Science & Technology

Neural networks have learned to identify tree species from satellites

Detailed land cover showing forests in Chiapas, southern Mexico. The map was created using Copernicus Sentinel-2 optical data from April 14, 2016. Images are not part of the study discussed.

Much of what we know about forest management comes from recent aerial photography. Bird’s-eye views of forests, whether drones, helicopters, or satellites, are important for understanding how forests are moving, especially in remote areas that are difficult to monitor on the ground.

Satellite imagery in particular provides an inexpensive and effective surveillance tool. However, the problem with satellite data is that they are often quite low resolution and it can be difficult to tell what you are looking at.

However New research It can be helpful to use neural networks to distinguish satellite images.

Hierarchical model structure / Svetlana Illlarionova et al. , IEEE Journal of Selected Topics in Applied Earth Observations and Remote Sensing.

“Commercial forest tax providers and their end users (including timber suppliers and processors), as well as forestry industry associations, can use new technologies for the quantitative and qualitative assessment of timber resources in leased areas. Our solution also enables a rapid assessment of undeveloped forest areas in terms of investment appeal, ”explains Svetlana Illlarionova, lead author of the paper and Skoltech PhD student.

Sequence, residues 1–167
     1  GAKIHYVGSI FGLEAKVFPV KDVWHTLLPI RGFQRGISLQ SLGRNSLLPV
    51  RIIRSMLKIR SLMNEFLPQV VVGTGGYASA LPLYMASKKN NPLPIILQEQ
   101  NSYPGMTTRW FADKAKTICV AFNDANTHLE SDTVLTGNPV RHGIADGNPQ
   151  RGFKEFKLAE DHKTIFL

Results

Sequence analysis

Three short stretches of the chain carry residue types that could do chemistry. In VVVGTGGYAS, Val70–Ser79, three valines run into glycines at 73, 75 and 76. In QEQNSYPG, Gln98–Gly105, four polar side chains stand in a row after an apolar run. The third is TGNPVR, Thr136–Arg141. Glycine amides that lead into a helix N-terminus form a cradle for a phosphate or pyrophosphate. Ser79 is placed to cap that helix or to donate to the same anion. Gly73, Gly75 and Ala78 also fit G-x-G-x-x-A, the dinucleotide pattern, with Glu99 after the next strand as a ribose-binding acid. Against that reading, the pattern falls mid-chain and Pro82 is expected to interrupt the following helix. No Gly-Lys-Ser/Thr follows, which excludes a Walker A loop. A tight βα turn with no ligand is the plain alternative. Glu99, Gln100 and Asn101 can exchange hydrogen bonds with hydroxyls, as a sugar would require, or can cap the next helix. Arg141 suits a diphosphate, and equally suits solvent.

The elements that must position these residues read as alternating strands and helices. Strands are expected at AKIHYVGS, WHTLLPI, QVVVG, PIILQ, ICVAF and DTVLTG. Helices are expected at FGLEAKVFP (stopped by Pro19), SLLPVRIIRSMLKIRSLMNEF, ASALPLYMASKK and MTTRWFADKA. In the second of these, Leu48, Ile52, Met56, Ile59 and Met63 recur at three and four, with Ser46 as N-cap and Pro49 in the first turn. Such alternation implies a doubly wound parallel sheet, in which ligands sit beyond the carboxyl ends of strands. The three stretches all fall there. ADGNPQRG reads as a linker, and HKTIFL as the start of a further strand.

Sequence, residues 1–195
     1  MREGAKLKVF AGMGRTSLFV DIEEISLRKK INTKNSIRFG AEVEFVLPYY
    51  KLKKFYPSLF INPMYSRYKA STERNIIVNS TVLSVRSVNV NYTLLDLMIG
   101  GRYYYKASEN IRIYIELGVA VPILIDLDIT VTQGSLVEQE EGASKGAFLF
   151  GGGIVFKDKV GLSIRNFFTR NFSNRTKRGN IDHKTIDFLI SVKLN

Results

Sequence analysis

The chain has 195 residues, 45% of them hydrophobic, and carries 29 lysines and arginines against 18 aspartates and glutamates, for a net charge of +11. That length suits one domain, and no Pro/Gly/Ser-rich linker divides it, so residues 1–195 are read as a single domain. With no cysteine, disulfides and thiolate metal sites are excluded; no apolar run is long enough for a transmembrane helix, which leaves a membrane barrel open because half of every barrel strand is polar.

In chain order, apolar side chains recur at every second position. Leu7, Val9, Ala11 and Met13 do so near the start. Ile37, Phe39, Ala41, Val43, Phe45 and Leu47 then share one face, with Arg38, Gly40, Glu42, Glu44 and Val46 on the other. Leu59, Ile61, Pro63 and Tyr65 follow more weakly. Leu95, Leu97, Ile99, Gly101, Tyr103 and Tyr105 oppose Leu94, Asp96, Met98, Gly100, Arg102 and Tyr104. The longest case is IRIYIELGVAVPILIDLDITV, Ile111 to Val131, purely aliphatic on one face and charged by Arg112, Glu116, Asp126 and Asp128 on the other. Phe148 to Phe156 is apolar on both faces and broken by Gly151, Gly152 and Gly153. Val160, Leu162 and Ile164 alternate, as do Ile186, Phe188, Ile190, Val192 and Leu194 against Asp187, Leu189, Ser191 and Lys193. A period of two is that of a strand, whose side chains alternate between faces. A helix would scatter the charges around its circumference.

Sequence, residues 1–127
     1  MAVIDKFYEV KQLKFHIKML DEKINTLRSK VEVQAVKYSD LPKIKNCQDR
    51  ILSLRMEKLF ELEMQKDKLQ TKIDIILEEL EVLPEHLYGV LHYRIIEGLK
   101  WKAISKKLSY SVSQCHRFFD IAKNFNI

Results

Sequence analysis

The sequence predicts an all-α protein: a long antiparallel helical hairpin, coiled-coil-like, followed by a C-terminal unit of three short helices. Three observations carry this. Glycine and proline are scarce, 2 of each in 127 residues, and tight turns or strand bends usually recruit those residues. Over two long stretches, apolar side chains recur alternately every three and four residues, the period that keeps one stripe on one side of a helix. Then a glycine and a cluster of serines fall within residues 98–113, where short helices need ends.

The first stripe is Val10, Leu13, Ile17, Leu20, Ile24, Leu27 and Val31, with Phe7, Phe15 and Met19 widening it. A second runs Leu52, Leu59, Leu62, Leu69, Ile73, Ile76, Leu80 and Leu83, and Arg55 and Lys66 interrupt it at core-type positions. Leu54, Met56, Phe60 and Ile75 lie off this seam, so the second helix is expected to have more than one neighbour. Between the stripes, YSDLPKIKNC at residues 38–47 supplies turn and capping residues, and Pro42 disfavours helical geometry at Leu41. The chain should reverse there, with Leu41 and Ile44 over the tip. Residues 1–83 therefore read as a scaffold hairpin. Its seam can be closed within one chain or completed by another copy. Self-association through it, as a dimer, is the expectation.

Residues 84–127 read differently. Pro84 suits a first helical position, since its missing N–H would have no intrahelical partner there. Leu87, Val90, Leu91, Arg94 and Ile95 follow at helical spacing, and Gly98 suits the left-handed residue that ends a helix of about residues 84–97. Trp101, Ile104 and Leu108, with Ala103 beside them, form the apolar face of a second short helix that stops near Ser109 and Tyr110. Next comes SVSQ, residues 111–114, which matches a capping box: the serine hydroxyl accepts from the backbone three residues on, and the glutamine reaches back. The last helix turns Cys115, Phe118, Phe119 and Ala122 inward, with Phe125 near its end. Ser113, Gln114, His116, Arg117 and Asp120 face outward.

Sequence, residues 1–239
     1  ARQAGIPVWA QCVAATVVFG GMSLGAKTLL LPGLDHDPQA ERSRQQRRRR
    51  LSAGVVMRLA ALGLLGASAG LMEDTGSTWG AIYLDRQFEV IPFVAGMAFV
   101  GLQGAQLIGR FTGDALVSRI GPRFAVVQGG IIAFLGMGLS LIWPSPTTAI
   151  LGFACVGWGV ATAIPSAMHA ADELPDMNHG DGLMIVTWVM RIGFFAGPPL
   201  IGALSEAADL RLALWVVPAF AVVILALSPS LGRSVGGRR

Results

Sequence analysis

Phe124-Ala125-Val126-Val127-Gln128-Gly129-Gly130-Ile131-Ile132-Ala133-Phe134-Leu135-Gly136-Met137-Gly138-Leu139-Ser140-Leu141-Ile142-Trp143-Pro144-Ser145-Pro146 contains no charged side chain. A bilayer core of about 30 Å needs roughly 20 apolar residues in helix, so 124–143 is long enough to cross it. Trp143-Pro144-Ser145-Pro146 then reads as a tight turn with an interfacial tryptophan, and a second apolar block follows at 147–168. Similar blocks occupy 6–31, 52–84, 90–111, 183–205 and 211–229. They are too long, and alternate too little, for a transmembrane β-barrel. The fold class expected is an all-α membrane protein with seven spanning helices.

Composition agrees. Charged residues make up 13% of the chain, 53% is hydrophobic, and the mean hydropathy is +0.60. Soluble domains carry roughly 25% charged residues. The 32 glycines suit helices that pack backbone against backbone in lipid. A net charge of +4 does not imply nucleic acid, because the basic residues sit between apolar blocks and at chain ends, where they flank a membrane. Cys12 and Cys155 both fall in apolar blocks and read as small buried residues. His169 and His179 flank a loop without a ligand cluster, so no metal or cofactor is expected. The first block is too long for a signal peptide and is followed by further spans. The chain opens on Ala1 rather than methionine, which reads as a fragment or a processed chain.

Illlarionova and her colleagues at the Skoltech Center for Computational and Data-Intensive Science and Engineering (CDISE) and Skoltech Space Center used neural networks to automate the identification of dominant tree species in high- and medium-resolution images. ..

Class markup for the study area. Image credit: Illlarionova et al.

After training, the neural network was able to identify the predominant tree species at a test site in Leningrad, Russia. The data was confirmed by ground observations in 2018. Additional data, such as the stratification model and vegetation height, helped to further improve the quality of the predictions while improving the stability of the algorithm and facilitating its practical application.

This study focused on identifying the dominant species. Of course, some forests with different compositions have approximately the same distribution of two or more species, but the composition of these mixed forests was outside the scope of the study.

“It is worth noting that the” dominant species “in forestry does not exactly match the biological term” species “and is primarily related to the type and quality of timber,” the researchers said. I am writing.

Overall, the algorithm seemed to be able to identify the predominant species, but researchers say that better training markups planned for future research can improve results.

“But future studies will cover the case of mixed forests, which fall into a fully hierarchical segmentation scheme. Another goal is to add forest inventory characteristics that can also be estimated from satellite images. The study concludes.

Neural networks have learned to identify tree species from satellites Neural networks have learned to identify tree species from satellites

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